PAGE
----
Some tiny creature, mad with wrath,

Is coming nearer on the path.

--Edward Gorey

Location: Pittsburgh, Pennsylvania, U.S. Outlying Islands

Writer, lawyer, cyclist, rock climber, wanderer of dark residential streets, friend.

Friday, January 20, 2006

Miscellany, Breaking My Vow & c.

So, not long ago I recanted my year-long ever-increasing fascination with law and policy on this site. Recently, however, I have collected a few things notable enough to warrant recordation, with brief attendant thoughts closely in tow. These are they.

First, plenty of people have talked about Al Gore's Martin Luther King Day speech, which evidently was quite the stemwinder. Bloodless provides a link on topic with an interesting thread, and the text of the remarks as prepared are posted here. I have only one question: what if a presidential candidate, any candidate spoke so candidly, so passionately, and so non-condescendingly to the country? Could we handle it, or are we too far gone? This is not the only powerful, eloquent, stemwinder Gore has delivered in the past few years. I really do wonder.

In law, there's Dahlia, in rare form with Please Don't Feed the Federalists, a series of myths debunked. The first is the most critical to those on the left, and is also the easiest to forget:

1.) Federalists are teeming with hate and rage: This is one of the most central, pervasive Democratic myths about federalists; particularly those who sit on the bench. It leads you Senate Democrats to believe that if you can just ask the right question of a federalist, he will erupt into a hissing, spitting parody of Bill O'Reilly and then try to strangle you with his bow tie on C-SPAN. As you observe the federalists here today, you will learn that they love their families and do not devote their careers to systematically holding back women, persecuting minorities, and stealing wheelchairs from the disabled. In their own offices, many of them have even worked to advance the careers of specific women and minorities. Attempts to tar the federalist as having dedicated his career to raging misogyny or racism will likely backfire. Most of them have better things to do.

Also, care of Publius (by way of Bloodless), one of the funniest parodies of Justice Scalie's jurisprudence I've ever read.

Article I, Section 8 grants Congress the power to regulate interstate commerce. In recent years, the Court’s commerce clause analysis has been accused of being “unclear” and “results-driven.” See Bork, R., What the Fuck Is Up With Scalia in Raich?, 118 Harv. L. Rev 211, 213-14 (2005). Specifically, critics have pointed to the seeming inconsistency between the Court’s decision in Morrison and its decision in Raich (cases coincidentally involving similar facts at the case at issue here). Id. at 215. See also Aging Hippy Liberal Douche, A Post-Modernist Perspective on the Habermasian Dialectic Inherent in Scalia’s Commerce Clause Analysis, 98 Yale L.J. 1201, 1210-11 (2004).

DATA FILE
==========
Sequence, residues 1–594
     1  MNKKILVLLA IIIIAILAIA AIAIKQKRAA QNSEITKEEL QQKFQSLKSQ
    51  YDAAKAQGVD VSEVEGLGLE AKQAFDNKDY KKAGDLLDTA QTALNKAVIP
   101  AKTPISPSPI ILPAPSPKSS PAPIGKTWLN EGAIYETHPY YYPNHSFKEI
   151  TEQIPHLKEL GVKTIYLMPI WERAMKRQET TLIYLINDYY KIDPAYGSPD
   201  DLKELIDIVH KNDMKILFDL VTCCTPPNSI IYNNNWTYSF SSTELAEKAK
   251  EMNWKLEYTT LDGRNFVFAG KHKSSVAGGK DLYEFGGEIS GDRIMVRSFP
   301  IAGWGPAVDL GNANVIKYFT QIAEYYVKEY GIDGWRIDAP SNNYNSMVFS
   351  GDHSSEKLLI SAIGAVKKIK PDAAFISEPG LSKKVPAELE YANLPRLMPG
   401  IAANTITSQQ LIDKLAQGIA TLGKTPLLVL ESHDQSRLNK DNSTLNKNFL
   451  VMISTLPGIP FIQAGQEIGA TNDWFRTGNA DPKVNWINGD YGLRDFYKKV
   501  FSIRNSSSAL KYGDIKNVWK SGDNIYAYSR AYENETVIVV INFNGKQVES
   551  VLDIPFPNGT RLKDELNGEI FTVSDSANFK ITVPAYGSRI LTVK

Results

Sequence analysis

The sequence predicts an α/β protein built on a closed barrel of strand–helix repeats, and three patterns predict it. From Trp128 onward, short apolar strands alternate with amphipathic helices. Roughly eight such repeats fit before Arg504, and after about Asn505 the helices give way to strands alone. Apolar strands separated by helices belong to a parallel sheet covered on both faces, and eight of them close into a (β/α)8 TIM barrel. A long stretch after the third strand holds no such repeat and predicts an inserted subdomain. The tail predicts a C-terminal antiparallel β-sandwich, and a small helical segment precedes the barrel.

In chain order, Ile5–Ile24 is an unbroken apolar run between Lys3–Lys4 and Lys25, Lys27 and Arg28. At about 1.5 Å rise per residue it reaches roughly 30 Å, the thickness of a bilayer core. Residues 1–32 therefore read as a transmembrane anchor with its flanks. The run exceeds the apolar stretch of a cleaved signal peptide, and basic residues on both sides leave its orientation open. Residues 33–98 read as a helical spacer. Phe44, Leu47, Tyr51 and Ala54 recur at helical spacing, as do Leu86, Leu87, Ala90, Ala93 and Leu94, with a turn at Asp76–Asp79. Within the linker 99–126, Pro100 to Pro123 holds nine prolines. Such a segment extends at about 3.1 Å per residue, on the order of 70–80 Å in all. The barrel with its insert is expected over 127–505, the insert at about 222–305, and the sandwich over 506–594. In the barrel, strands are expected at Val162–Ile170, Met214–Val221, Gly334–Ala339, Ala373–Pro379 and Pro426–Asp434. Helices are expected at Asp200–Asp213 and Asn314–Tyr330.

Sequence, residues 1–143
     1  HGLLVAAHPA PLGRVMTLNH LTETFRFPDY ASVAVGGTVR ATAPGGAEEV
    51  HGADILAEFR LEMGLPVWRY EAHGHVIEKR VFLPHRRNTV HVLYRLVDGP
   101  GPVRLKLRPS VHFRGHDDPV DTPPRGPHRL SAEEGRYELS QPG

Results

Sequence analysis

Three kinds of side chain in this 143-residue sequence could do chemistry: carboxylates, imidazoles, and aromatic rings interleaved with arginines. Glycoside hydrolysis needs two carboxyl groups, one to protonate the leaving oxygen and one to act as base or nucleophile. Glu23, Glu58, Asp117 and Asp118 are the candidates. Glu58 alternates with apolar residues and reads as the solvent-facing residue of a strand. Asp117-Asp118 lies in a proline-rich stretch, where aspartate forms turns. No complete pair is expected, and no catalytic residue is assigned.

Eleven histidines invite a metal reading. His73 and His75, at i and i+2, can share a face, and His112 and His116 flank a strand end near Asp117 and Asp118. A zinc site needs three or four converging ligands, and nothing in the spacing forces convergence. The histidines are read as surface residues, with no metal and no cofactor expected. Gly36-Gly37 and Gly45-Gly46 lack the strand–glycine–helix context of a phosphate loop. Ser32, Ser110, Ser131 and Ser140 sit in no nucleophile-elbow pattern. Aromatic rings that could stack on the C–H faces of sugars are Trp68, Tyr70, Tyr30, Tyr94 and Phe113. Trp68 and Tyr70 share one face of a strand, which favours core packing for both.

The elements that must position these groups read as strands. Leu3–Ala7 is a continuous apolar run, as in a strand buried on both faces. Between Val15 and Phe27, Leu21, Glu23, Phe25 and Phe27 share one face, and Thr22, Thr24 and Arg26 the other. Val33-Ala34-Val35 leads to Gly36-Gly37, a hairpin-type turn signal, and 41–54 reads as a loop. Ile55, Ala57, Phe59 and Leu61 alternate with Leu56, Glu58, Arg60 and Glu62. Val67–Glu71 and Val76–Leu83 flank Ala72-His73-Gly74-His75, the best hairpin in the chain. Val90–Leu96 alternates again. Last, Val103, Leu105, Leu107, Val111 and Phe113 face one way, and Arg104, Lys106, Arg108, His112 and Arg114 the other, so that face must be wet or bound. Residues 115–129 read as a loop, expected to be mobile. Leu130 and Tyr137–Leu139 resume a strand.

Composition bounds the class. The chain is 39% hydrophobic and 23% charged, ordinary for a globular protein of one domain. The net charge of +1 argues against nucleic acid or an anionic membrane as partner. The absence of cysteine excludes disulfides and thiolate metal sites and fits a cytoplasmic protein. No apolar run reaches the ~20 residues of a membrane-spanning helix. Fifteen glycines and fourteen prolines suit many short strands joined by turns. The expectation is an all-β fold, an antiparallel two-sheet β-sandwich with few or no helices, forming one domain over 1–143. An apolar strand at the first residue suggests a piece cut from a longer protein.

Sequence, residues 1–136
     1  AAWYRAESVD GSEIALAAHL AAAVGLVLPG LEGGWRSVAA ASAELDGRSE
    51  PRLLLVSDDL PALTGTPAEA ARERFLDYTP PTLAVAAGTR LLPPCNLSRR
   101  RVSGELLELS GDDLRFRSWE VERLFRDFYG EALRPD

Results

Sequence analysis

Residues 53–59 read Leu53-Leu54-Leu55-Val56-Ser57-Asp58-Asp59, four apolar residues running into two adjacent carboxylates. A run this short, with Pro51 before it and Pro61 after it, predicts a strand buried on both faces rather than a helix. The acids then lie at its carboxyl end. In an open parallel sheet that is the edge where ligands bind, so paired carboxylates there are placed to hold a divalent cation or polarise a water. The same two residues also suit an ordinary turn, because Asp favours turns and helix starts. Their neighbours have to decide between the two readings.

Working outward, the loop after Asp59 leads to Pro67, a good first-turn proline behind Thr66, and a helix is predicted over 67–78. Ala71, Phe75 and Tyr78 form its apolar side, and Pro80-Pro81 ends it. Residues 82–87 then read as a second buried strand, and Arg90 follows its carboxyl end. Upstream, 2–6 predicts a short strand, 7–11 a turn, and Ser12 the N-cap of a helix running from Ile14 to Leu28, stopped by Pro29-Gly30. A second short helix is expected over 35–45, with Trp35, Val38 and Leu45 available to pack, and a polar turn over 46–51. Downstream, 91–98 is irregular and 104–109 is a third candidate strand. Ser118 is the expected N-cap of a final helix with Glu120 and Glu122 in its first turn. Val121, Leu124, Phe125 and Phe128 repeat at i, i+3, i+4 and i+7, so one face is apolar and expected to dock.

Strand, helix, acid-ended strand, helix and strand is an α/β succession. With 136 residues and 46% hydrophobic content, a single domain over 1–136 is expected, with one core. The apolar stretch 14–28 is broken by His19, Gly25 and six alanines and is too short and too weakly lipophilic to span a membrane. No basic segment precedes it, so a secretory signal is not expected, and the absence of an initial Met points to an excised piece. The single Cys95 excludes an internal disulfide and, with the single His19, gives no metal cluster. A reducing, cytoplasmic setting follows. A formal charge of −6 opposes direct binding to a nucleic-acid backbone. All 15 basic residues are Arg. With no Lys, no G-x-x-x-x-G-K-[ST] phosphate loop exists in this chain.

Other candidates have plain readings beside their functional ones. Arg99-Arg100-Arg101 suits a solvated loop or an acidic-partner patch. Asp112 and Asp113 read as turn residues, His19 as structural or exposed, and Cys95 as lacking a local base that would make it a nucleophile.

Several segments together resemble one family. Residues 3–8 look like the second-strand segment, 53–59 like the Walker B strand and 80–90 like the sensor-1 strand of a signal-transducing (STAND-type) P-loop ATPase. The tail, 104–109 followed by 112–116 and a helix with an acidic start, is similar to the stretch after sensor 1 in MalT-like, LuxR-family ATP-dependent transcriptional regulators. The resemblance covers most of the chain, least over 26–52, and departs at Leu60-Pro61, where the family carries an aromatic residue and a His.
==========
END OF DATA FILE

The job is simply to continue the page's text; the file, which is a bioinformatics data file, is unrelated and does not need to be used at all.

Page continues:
The lower courts have also failed to find a meaningful distinction between the laws struck down by the Court and those upheld. See, e.g., Vedder v. Cobain, 321 F.3d 12, 15 (2004) (Posner, J., dissenting) (“What the fuck is up with Scalia in Raich?”).

In light of this criticism, the Court today announces a new clear standard to guide lower courts in their application of the commerce clause. This new standard will govern when a law exceeds Congress’s power under the commerce clause and when it does not. The new standard is this – a law passed pursuant to the commerce clause is constitutional if Justice Scalia likes the law and unconstitutional if he does not. Similarly, if the law is regulating things that Justice Scalia wants regulated, it is constitutional. If it does not, it is not.

Even in its silliness, and n.b. its impeccable bluebooking, I really think this mockery is onto something, and I definitely ought to read Law and Politics more often.

In non-law-related areas, there are also a couple of things. First, David has posted yet another brilliant little piece that suggests his almost freakish spelling incompetence belies his intrinsically British ability to craft a lovely, pitch-perfect vignette.

In other news, Pittsburgh is finally in the top 20 at something other than football: in meanness to the homeless. When I clicked on the headline, I thought I'd find us second only to, say, Salt Lake City and the like, and second to no cold-weather cities. So I guess I'm happy that we're not that bad. Even so, it's a pet peeve of mind, how insensitive we are in this country to our own untouchables, the couple of percent of the population the structure of capitalism pretty much guarantees will exist. A civilization's virtue is or ought to be measured by how it treats its meanest citizens. That we're in the top 20 crappiest cities to the homeless in a country that doesn't measure up especially well (among developed nations) in its treatment of the homeless generally is disappointing to say the least.

Still with me? Wow.

Okay, next up is a really disturbing story about immigrant mistreatment based on racial profiling. It's also really damned funny in a disheartening sort of way. And the story is all kinds of New York, which is part of why I like it. Posthumously Arrested for Assaulting Myself, and yes, that title is exactly what the post is about.

Also from 3QuarksDaily, a wonderful thought piece on the truly high stature the polymathic and brilliant author Vladimir Vladimirovich Nabokov achieved as a lepidopterist, a field to which Nabokov's substantial contribution is too often overlooked.


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